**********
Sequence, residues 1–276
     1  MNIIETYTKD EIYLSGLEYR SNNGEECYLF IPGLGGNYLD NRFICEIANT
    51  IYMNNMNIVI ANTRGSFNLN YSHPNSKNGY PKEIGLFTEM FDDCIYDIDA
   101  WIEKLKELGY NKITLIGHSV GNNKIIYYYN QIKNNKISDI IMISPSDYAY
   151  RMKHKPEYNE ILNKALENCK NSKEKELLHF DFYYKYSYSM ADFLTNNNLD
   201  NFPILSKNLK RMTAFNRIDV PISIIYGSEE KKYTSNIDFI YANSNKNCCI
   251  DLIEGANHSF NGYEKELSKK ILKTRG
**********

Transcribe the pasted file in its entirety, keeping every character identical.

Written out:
Sequence, residues 1–276
     1  MNIIETYTKD EIYLSGLEYR SNNGEECYLF IPGLGGNYLD NRFICEIANT
    51  IYMNNMNIVI ANTRGSFNLN YSHPNSKNGY PKEIGLFTEM FDDCIYDIDA
   101  WIEKLKELGY NKITLIGHSV GNNKIIYYYN QIKNNKISDI IMISPSDYAY
   151  RMKHKPEYNE ILNKALENCK NSKEKELLHF DFYYKYSYSM ADFLTNNNLD
   201  NFPILSKNLK RMTAFNRIDV PISIIYGSEE KKYTSNIDFI YANSNKNCCI
   251  DLIEGANHSF NGYEKELSKK ILKTRG